One of the hardest parts of gardening is deciding what dies. I am not a mean person, but sometimes things just have to go, and in the plant world that means death. I have to kill delicate little harmless green sprouts that had the potential of producing amazing edibles that could have gone to me or my friend’s plate.
In your gardens, the seedlings should be coming up now and will be putting on their first true leaves. It is an amazing part of gardening. The hard work of tilling and planting is over and now there are green rows of plants offering the promise of tasty meals to come. But this is only going to happen if there is enough space.
When I taught a weed science course at Washington State University, we had a plant competition lab where we planted barley (the weed) with radishes (the crop) in large pots. Every pot got eight radish plants, but the barley plant number was variable (0, 2, 4, 8, 16 or 32). After a few weeks, the students harvested all the plants and weighed the barley (leaves) and radish plants (leaves and bulbs). The weed-free radishes were great and after weighing, they were eaten. Pots with eight or more barley plants did not have any radish bulbs, even though there were lots of radish leaves.
At eight radish plants per pot, we had the perfect spacing for the plants. Any new plants introduced competed for resources. The plants in our study had plenty of water with fertilizer so that was not the problem. The problem was the lack of enough light. The amount of light could not be increased based on the number of plants in the pot. As a result the radish plants growing with the barley spent their energy growing leaves to get the light they needed and nothing was left for the bulbs.
This lab scenario is the same problem we experience in our gardens. We can give the plants water and nutrients, but we cannot give them extra light if they get crowded. Therefore we have to thin and that means killing the weak. Seed packages come with row-spacing information and spacing between plants in a row. Follow those directions. You will not get a carrot that you can take to the Tanana Valley State Fair to enter in the vegetable competition if it is growing side by side with four other carrot plants. Look at those five carrot plants growing together. Ask yourself, which are the smallest? And then kill them.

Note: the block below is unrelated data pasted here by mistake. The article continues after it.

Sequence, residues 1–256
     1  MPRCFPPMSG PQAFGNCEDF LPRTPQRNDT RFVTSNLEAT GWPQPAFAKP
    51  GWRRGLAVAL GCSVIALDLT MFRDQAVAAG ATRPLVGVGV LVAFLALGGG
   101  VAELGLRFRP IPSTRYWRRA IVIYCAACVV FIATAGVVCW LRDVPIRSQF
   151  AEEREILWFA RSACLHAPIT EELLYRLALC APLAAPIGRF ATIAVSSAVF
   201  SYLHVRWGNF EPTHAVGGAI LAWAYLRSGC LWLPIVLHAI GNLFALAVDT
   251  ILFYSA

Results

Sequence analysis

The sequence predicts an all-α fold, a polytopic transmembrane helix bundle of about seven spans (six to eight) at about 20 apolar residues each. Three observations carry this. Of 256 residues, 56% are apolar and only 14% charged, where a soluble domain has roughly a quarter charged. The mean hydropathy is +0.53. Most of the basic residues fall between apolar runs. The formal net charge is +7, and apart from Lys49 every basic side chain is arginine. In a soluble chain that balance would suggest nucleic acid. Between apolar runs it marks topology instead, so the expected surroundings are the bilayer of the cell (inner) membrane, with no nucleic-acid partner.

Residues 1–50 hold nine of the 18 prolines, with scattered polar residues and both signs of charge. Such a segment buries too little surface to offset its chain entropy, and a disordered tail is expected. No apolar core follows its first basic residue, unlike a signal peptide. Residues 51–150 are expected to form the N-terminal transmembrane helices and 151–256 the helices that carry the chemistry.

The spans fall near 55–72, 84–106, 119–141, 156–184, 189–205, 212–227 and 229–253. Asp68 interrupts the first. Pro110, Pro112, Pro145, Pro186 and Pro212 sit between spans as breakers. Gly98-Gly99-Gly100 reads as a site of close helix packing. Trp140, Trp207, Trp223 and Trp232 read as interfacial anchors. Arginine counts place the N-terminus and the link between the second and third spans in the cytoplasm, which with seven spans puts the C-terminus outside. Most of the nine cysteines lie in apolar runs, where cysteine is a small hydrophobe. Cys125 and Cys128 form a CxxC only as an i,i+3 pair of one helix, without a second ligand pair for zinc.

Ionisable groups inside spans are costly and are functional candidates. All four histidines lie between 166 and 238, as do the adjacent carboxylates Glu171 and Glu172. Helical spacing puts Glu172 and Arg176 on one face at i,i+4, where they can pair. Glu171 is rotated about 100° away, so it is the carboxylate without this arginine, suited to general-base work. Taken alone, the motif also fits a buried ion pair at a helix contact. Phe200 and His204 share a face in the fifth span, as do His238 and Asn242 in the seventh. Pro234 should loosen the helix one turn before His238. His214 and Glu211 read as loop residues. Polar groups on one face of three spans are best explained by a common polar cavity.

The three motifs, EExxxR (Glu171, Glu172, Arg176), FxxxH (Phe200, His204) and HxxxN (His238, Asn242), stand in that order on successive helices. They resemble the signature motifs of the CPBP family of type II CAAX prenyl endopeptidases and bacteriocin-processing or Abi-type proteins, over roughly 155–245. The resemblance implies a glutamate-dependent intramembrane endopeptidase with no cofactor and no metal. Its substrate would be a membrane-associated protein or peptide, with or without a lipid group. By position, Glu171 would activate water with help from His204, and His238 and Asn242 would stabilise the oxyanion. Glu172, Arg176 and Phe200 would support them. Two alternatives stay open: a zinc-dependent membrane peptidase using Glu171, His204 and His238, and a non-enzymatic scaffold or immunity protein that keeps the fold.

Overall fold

But wait. What is the best way to kill them? Well, that depends. Carrots have long roots and they are small as seedlings. If you pull one up, you might pull up all five. So just cut the tops off the weak ones. If the seedlings are more widely spaced, but still too close, then you can pull the small ones without disturbing the plant that you want to survive.
This need for early thinning is true for all the plants you grow. If you have too many in the space you have to grow them, they will not get enough light and you will get tall, leafy plants with no fruits, bulbs or flowers. Even for leafy crops such as kale or lettuce, if they are too crowded they will spend their energy growing tall. For example, it takes a lot of energy for a kale plant to produce a stem, and that energy loss will result in smaller, more bitter tasting leaves.
So, identify the best plants, kill their neighbors that are too close, and throw their carcasses in the compost. And with that message — happy gardening.
Steven Seefeldt is the Tanana District agriculture and horticulture agent for the Cooperative Extension Service, a part of the University of Alaska Fairbanks, working in cooperation with the U.S. Department of Agriculture. He can be reached at 907-474-2423 or email@example.com.